Great Fujitsu hard drive fiasco rumbles on

It's heating up...

Questions surrounding the Great Fujitsu Hard Drive Fiasco simply won't go away, however much the Japanese manufacturer hopes that they might.

Earlier this month we reported a product recall - sorry replacement - of 300,000 faulty Fujitsu hard drives.

The fault, which is supposedly brought on by heat and prolonged usage, lies in faulty controller chips used in the HDDs and is found in 2-3 per cent of the 10 million units made by Fujitsu between September 2000 and 2001, according to Japanese newspaper Nihon Keizai.

Following our initial reports on this we were deluged with email on the subject, over 300 and counting from all over the world.

Time and again, we were told of failure rates of 30 per cent and above in machines fitted with 20GB Fujitsu HDDs. UK system builders report huge failure rates for 20GB Fujitsu drives - of the order of 30-50 per cent, and sometimes even higher.

Dozens of Compaq corporate customers, collectively owning a few tens of thousands of Compaq Deskpros, also contacted us following our initial reports.

One of the more interesting documents we were sent purports to be a field service notice issued by Fujitsu US. Although we were not able to confirm its authenticity - Fujitsu declined to comment - it has every appearance of been genuine.

Explanation of PB16 Family Drives Field Failures:

Recent analysis of field returns has confirmed that some of the PB16 family drives have a date code related issue that is PCBA related. The source of the problem is that some of sub-supplier parts used does not meet the stringent requirements established in product qualification. This issue is not related to the Servo Timing Mark whose effects were corrected with firmware The PCBA issue could exist on drives manufactured:

1. PB16E (MPG3XXXAT) - Through March, 2001
2. PB16H (MPG3XXXAH) - Through May, 2001
3. PB16HE (MPG3XXXAH-M) - Through May, 2001

This was a particularly difficult failure to isolate. The symptoms of failure are very similar to those caused by the Servo Timing Mark. Although the failure rate is relatively low, the failure rate exceeds our quality commitment that our customers have come to expect. As such, Fujitsu has decided to err on the side of conservative caution and act on every drive manufactured during the problem period.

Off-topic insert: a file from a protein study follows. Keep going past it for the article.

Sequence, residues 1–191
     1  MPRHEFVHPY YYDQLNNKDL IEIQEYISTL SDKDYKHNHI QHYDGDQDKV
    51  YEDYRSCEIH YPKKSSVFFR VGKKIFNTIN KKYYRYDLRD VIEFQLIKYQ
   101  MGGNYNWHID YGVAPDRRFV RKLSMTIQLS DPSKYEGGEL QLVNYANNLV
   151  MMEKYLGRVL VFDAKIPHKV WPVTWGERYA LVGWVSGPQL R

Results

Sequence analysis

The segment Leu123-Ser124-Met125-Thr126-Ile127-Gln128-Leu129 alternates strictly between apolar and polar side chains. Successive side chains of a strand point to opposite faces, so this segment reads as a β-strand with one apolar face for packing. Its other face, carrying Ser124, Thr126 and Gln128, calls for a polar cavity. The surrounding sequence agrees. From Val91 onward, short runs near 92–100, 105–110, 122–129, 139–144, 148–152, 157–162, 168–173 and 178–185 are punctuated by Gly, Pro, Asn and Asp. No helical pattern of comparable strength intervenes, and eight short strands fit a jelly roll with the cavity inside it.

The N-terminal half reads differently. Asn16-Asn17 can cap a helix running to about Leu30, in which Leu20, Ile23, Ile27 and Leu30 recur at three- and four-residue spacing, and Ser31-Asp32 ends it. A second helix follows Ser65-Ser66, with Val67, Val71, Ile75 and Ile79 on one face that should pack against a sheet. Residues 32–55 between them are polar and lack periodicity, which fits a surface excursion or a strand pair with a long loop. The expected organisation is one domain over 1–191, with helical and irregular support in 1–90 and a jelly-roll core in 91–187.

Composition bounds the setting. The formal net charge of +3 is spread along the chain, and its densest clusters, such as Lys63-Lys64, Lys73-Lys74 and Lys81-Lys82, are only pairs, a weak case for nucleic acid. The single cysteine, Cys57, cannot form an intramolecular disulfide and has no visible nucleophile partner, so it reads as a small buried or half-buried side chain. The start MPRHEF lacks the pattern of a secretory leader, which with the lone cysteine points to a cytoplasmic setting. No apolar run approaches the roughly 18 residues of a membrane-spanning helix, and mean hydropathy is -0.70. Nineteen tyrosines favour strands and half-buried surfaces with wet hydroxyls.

Fujitsu has a utility that will identify the drive by Month of Manufacturing. This utility can be used by our customers for screening purposes. The utility will operate in Windows 95/98/2000/NT environment.

Which raises the question: If Fujitsu has such a utility why doesn't it make it available to customers? We gave Fujitsu the weekend the think about this but it again declined to comment.

The faulty sub component referred to above is a Cirrus Logic controller chip (CL-SH8671-450E-A3), according to authoritative reports posted on StorageReview.com. Fujitsu refused to talk to us about this either.

Fujitsu's ostrich-like line in response to customer enquiries on the matter is that it hasn't announced anything about the issue, so all the reports about the issue are speculative and inaccurate. Fujitsu is referring users of its defective HDDs to their PC vendor and saying all problems can be covered by normal warranty procedures.

Fujitsu isn't extending warranties automatically from one to three years.

We question whether that approach can be sustained, indeed there are signs Fujitsu is bending to the weight of public opinion.

Readers who've bought their PCs through system builders who've gone out of business tell us they are been offered replacement hard drives for faulty equipment, despite the fact their warranty is no longer valid.

We'd love to know whether Fujitsu was extending this move to others in the same situation but this is unclear, again because Fujitsu is declining to respond to questions. ®

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